I blogged last year about who I would vote for if I had a ballot. Unfortunately, I didn’t and still don’t, so this blog was my imaginary ballot. I failed to do that this year, but my ballot would have been the same except for Andre Dawson, who was already voted in last year.

I was pleased to see Barry Larkin make a 11 percent jump to 62 percent. He seems a sure lock to get elected in the next few years. Also, Tim Raines jumped 7 percent this year to 37 percent of the vote. I feel he’ll go the route of Blyleven and slowly work his way in. Edgar Martinez saw a 4 percent drop to 32 percent. I think his numbers are incredible and worthy of induction, but I don’t believe he’ll get elected. Too many people have doubts about his candidacy becomes he was a full-time DH and spent a lot of time injured, not to mention the fact that he didn’t really take off at the big league level until he was 27.

Early returns favor Blyleven

One of my favorite December and January blog activities last year was checking out Baseball Think Factory’s website and its “Hall of Fame Ballot Gathering Machine.”

Bert Blyleven

Is this the year that Bert Blyleven gets circled by the Hall of Fame? Associated Press photo

The website takes the ballots posted online by writers that vote for the Baseball Hall of Fame and combines them to figure out percentages and see who is on pace to get elected this year and who will get snubbed.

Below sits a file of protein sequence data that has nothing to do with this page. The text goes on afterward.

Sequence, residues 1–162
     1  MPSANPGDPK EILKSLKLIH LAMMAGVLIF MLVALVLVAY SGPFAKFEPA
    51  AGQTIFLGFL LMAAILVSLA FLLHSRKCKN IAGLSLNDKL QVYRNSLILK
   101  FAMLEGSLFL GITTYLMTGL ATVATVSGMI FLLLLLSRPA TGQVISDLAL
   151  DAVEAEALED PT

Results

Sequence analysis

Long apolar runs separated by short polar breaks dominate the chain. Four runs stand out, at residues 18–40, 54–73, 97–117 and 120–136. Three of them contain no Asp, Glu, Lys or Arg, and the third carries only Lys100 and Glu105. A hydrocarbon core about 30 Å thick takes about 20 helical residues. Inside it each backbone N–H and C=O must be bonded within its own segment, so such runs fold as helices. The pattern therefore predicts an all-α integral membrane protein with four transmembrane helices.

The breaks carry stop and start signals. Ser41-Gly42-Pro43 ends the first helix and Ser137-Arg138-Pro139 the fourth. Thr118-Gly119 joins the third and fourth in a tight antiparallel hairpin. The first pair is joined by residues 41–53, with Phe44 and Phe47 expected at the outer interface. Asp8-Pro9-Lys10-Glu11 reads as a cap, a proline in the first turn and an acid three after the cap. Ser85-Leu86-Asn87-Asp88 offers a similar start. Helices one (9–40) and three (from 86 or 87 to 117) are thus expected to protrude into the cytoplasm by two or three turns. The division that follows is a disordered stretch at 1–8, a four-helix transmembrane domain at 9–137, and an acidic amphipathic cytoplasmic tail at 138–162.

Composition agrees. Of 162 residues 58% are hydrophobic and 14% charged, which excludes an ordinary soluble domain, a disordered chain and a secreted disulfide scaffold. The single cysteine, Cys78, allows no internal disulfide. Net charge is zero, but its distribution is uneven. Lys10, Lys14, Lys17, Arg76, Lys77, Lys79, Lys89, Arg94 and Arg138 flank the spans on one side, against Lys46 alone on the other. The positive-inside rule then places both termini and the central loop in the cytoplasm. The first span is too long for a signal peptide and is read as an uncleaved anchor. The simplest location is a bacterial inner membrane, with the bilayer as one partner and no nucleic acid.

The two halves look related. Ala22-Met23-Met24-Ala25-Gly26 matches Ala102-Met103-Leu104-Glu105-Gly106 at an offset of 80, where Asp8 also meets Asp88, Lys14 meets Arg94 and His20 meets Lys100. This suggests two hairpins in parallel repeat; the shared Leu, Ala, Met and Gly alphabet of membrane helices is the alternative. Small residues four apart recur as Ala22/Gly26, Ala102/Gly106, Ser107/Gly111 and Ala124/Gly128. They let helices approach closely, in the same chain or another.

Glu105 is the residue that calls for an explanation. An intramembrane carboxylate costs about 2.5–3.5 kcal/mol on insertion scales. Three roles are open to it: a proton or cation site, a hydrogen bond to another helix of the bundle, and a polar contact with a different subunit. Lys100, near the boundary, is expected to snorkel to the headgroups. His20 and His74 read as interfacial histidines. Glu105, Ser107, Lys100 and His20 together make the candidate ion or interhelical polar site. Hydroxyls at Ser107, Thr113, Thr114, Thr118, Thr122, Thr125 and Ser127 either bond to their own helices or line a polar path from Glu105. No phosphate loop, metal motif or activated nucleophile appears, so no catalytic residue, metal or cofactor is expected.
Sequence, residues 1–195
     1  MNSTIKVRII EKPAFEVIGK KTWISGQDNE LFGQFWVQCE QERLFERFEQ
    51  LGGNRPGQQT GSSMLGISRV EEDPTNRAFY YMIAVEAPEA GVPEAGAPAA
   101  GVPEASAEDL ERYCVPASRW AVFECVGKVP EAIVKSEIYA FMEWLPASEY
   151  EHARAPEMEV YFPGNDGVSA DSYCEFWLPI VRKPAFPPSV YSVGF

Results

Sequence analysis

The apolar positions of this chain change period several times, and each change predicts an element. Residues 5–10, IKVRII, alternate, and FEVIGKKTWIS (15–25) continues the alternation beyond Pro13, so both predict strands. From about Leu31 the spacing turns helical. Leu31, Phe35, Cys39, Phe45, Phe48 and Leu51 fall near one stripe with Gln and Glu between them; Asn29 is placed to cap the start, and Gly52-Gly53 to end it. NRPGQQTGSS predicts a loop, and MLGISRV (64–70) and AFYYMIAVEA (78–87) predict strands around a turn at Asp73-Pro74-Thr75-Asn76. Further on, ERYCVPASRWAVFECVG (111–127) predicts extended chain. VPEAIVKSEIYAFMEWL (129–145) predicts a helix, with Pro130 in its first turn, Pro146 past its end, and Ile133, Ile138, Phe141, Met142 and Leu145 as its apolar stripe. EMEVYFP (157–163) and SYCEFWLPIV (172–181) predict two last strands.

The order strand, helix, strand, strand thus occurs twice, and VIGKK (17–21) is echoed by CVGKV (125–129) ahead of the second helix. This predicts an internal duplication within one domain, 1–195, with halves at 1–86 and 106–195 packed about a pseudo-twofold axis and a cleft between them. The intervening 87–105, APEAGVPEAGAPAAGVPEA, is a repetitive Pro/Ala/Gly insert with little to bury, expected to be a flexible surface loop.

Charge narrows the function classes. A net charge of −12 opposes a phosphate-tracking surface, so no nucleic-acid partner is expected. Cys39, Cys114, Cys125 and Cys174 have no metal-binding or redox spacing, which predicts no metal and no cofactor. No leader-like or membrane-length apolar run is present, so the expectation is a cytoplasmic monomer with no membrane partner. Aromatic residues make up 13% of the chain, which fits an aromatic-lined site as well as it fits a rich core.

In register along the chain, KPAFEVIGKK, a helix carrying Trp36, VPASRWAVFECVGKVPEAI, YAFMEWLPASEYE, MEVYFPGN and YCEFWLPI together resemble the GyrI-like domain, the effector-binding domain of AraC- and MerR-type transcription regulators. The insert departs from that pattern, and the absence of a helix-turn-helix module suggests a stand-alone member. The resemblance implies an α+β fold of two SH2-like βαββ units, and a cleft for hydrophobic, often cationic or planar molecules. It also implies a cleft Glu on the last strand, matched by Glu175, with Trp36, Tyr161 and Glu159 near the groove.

I learned last year that you can’t take too much from it. Early returns had Roberto Alomar getting in and he surprisingly didn’t. But in the case of former Minnesota Twins pitcher Bert Blyleven, the returns weren’t far off from the final tally.

This time around, Blyleven has enough votes so far among those voters who has made their picks public, sneaking past the 75 percent threshold needed for induction. According to these returns, Blyleven and Alomar would make it in, with Barry Larkin coming up just short. But I do emphasize that it is extremely early with just 71 ballots in so far.

Blyleven got 74 percent of the vote last year. Nobody has ever gotten that close without eventually getting elected.

It’s interesting how with some of these players, I feel like I become bigger fans of them after they retire than when they played. Tim Raines and Edgar Martinez are examples of that. I’m convinced Raines will one day get in, that his numbers show he was likely one of the five greatest leadoff hitters in baseball history if not one of the three best. And Martinez does well with modern-day numbers like OPS, though his inability to stay healthy and lack of time spent doing anything other than DH-ing hurts him. He probably never will get in.

But I think Raines will. He got only 30 percent of the vote last year. But I’ve noticed a lot of the voters on MLB Network have given him the nod this year, and the early returns have him at 52 percent. So things are looking up for him.

One other link worth checking out is the ZiPS projects for the 2011 Minnesota Twins. Some interesting projections:

  • Japanese import second baseman Tsuyoshi Nishioka is picked to hit .281 and steal 38 bases. Twins would probably take that. He’s also picked to get caught stealing 17 times though.
  • Closer Joe Nathan, who missed all of last season after Tommy John surgery, is projected to post an ERA of 3.00 for 2011.

Legends of the fall play one more game